# [SCG57-P23] Construction of a dynamic fault model of the 2016 Tottoriken-chubu earthquake based on kinematic source inversion

We constructed a dynamic fault model based on the past kinematic inversion results for the Tottoriken Chubu earthquake (Mw 6.2), which occurred in central Tottori prefecture on 21 October 2016. In this study, we obtained the temporal change of shear stress, using slip distribution and its temporal change obtained by Kobayashi et al. (2016), which is kinematic inversion of the observed seismic waveform. We used the boundary integral equation (Fukuyama and Madariaga, 1995; 1998) for calculation of dynamic faulting. We obtained the slip velocity by time differentiation from the temporal change of slip obtained by Kobayashi et al. (2016). In order to perform forward dynamic fault rupture calculation later, time and space increments were calculated, by interpolating from 1.0 s to 0.022 s and from 1.5 km to 0.25 km, respectively. Also, with reference to the one-dimensional underground structure model (Earthquake Research Research Promotion Headquarters, 2012), the P-wave velocity was set to 5.75 km/s and the rigidity to 31.2 GPa. As a result of the calculation, the temporal changes of the slip and the shear stress were obtained for each subfault. Then, we obtained the relationship between the slip amount and the shear stress for each subfault. From this relationship, the critical slip weakening distance and the stress drop amount were also obtained. As a result of this calculation, the maximum value of critical slip weakening distance was 1.3 m, and the stress drop amount ranged from -10 to 26 MPa. The obtained value of the critical slip weakening distance was large for use in forward dynamic fault rupture calculation, indicating that the resolution of the slip time function used for the kinematic inversion is not satisfactory enough.

Using thus obtained spatial distribution of the stress drop amount, numerical simulations of dynamic fault rupture and seismic wave field are carried out to obtain values of peak stress and critical slip weakening distance which satisfy the observed seismic waveforms. We employed the boundary integral equation method (Aochi et al., 2000) for dynamic fault rupture calculation, and finite difference method (Aochi and Madariaga, 2003) for seismic wave field calculation, respectively. The initial crack was assumed ot be a circle with a radius of 1.0 km, and the values of fault size, physical property and spatiotemporal increment were the same as those for obtaining temporal change of shear stress from temporal change of slip amount. The distribution of stress drop amount obtained above was taken as the initial stress distribution, and the values of peak stress and residual stress were set to be constant on the fault plane. The value of the critical slip weakening distance was set so that the hypocenter was the smallest and the other part increased in proportion to the distance from the hypocenter. We assume the value of residual stress as 0 MPa. We changed the value of peak stress between 10 and 20 MPa, and the value (minimum value) of critical slip weakening distance between 0.10 and 0.20 m, respectively, to obtain the values which satisfy the observed seismic waveforms by a trial-and-error method. As a result, the value of peak stress and the critical slip weakening distance became 14 MPa and 0.12 m, respectively. Comparing the seismic waveforms obtained from the numerical simulations with the observed ones, the amplitudes were almost the same at the observation points located in the south of the fault. However, the amplitudes of the simulated seismic waveforms were smaller than those of the observed ones at the observation points located in the north of the fault. This suggests that slip also occurred in the north part of the fault in addition to the slip area in the central part of the fault, as can be seen in the kinematic inversion result.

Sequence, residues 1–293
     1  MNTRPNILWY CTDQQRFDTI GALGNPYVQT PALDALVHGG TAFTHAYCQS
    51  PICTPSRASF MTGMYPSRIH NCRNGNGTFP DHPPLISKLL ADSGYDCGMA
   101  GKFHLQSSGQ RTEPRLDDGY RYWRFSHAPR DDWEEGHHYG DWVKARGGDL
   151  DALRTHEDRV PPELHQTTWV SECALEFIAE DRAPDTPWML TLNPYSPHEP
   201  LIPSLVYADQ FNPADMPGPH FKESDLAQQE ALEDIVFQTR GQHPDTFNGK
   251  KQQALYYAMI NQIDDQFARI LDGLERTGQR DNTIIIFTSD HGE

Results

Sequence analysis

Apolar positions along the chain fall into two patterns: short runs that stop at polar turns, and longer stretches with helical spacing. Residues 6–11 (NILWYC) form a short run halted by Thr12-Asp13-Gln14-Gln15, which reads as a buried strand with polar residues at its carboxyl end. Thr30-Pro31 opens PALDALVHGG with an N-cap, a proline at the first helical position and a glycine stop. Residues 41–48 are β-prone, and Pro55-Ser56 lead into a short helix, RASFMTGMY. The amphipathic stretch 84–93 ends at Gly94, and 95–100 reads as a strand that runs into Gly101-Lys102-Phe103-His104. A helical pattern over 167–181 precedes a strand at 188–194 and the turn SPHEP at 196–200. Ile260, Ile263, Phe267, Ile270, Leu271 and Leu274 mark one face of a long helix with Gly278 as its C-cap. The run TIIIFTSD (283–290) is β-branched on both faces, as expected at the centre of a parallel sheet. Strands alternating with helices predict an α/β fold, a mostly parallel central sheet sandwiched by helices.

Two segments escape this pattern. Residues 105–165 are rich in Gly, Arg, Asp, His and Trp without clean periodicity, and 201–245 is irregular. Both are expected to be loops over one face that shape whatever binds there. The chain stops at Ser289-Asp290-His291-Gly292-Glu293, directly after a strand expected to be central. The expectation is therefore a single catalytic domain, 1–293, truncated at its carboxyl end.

Using thus obtained spatial distribution of the stress drop amount, numerical simulations of dynamic fault rupture and seismic wave field are carried out to obtain values of peak stress and critical slip weakening distance which satisfy the observed seismic waveforms. We employed the boundary integral equation method (Aochi et al., 2000) for dynamic fault rupture calculation, and finite difference method (Aochi and Madariaga, 2003) for seismic wave field calculation, respectively. The initial crack was assumed ot be a circle with a radius of 1.0 km, and the values of fault size, physical property and spatiotemporal increment were the same as those for obtaining temporal change of shear stress from temporal change of slip amount. The distribution of stress drop amount obtained above was taken as the initial stress distribution, and the values of peak stress and residual stress were set to be constant on the fault plane. The value of the critical slip weakening distance was set so that the hypocenter was the smallest and the other part increased in proportion to the distance from the hypocenter. We assume the value of residual stress as 0 MPa. We changed the value of peak stress between 10 and 20 MPa, and the value (minimum value) of critical slip weakening distance between 0.10 and 0.20 m, respectively, to obtain the values which satisfy the observed seismic waveforms by a trial-and-error method. As a result, the value of peak stress and the critical slip weakening distance became 14 MPa and 0.12 m, respectively. Comparing the seismic waveforms obtained from the numerical simulations with the observed ones, the amplitudes were almost the same at the observation points located in the south of the fault. However, the amplitudes of the simulated seismic waveforms were smaller than those of the observed ones at the observation points located in the north of the fault. This suggests that slip also occurred in the north part of the fault in addition to the slip area in the central part of the fault, as can be seen in the kinematic inversion result.